Look elsewhere at the level the secondment was at. They have shown you that after two years' experience they won't make you permanent at that level. You won't be getting any more experience at that level as the new job is lower. Move on, if you can.

colalight Fri 14-Apr-17 11:23:28

thanks scaryclown that's what I was thinking of doing/saying.

I also have a disability so where I got to was an extra achievement for me. Getting back up the ladder is going to be even harder than it will be for anyone else.

I feel they have taken away my achievements and kicked me when I am down (the restructure and interview process was really stressful and impacted negatively on my health).

scaryclown Fri 14-Apr-17 11:27:52

I hear what you are saying about people with professional qualifications decisiing that professional qualifications should get a premium, but you do show some of that thinking yourself, so just be aware that trading quals means that you agree that quals mean something separate from ability..

I've been in an institution where a PhD means nothing in terms of being able to do the job, but people with PhDs doing the job badly get paid more than people without doing it outstandingly well. Quals are crazy to use as a metric for ability.. but that's a separate issue I feel.

Your issue is that you are competent and capable at a much higher level, and they are a. not making use of that and b, ingnoring it, because they had a brain fart in a meeting and thought you were the last piece of the jigsaw to fit a lower grade job. You have to get them to go back to a meeting with a view to shuffling things around because they were wrong about you blithely accepting that.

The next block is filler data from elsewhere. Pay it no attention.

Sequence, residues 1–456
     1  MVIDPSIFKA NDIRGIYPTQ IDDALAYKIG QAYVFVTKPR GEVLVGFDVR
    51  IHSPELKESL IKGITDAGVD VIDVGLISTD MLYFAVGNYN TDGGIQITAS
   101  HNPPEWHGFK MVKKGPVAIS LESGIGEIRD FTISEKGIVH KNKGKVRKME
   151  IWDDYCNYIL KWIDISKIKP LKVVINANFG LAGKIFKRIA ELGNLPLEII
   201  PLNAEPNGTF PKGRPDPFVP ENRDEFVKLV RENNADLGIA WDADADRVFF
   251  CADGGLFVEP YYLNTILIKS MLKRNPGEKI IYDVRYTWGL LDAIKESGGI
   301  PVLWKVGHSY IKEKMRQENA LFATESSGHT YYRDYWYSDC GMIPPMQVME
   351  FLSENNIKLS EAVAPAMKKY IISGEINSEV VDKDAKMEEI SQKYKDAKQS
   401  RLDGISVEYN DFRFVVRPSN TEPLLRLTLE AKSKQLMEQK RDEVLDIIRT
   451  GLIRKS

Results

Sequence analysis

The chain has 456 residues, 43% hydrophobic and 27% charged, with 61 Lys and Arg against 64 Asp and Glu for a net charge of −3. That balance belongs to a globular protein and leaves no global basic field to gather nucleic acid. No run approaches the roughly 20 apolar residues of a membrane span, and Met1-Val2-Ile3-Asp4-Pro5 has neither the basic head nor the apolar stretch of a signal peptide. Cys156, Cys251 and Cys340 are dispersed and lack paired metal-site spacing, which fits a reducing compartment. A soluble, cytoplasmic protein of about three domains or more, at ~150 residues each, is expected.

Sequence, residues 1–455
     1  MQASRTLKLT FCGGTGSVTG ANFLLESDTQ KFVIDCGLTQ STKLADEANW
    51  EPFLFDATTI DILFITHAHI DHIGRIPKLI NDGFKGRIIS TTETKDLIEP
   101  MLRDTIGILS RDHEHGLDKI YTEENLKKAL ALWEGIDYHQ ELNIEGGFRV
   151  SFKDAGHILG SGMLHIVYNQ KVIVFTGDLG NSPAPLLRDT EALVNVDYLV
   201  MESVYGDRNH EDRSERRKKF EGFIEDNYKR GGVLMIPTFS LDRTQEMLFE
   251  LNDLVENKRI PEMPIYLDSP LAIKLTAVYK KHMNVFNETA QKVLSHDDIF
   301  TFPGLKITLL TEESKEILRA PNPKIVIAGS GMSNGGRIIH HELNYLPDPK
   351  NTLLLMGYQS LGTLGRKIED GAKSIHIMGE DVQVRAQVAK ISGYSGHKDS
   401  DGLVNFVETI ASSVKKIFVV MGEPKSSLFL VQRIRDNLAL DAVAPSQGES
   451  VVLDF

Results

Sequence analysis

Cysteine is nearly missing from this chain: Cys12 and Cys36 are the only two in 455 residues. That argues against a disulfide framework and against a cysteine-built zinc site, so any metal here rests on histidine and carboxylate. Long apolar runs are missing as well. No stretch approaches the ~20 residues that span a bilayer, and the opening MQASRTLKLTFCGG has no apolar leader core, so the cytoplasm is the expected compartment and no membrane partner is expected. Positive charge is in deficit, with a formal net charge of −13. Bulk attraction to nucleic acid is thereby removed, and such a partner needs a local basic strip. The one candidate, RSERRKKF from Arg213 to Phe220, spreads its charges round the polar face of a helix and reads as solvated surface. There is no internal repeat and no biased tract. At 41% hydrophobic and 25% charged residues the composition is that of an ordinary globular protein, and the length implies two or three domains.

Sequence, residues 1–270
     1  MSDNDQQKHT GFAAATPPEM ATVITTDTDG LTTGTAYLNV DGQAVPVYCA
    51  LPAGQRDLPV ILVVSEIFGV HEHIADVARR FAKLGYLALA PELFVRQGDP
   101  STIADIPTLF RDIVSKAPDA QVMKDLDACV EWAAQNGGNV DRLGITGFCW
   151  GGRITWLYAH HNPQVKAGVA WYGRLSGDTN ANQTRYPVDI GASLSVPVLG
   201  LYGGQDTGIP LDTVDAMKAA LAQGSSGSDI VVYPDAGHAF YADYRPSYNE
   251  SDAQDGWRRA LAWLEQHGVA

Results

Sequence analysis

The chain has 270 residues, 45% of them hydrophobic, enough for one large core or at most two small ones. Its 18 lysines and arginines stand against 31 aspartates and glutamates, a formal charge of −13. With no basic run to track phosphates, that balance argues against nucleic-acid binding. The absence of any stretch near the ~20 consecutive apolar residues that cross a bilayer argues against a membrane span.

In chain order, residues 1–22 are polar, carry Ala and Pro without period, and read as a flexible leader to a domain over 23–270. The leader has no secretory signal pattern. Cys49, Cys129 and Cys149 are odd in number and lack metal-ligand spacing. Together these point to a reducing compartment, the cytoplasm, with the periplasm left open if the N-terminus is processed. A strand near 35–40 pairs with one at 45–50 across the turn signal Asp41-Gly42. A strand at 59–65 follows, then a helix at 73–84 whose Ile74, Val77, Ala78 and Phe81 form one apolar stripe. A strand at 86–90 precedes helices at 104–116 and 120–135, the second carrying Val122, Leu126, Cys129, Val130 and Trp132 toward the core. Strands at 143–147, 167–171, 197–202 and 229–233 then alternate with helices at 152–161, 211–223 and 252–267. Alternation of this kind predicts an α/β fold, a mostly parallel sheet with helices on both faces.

Perhaps you could come up with reasons and justifcations why someone else should be in the lower role and you in a higher role - eg closeness to strategic input/dotted line input to senior team etc?

Of course done well, that would show your capability toshuffle staff yourself, and be a good thing to talk about at your next interview if you don't get what you want lol.

Contact headhunting agencies straight away - nothing to lose, something to gain and some nice ego points in the bank hopefully that will strengthen your negotiations

scaryclown Fri 14-Apr-17 11:29:29

Gently ask how disability was used in the selection criteria.. and 'are there other examples of people with disabilities being placed below their capability?'

You need to frame you as a playing chip they are deliberately underplaying and be 'curious' as to the logic of that..

highinthesky Fri 14-Apr-17 11:33:23

there are people in the organisation who have eg doctorates but will be paid less than those with this particular professional qualification because they neither have it nor do that particular job. Its madness.

No it's not. If they choose to undertake a different role, and one they are overqualified for, that is their decision.

Stop muddying the issue with this fairness fallacy, and and concentrate on your own difficulties. Public sector organisations have rigorous procedures to protect employers and have to apply these rules. Contact your union for support.

GinAndTunic Fri 14-Apr-17 11:52:12

No advice but you do have my sympathy, OP.

notanurse2017 Fri 14-Apr-17 11:57:48

I think Bluntness has got the situation right here, Op. I'd go back to my old role and look for other opportunities.

UppityHumpty Fri 14-Apr-17 13:58:21

Get the union involved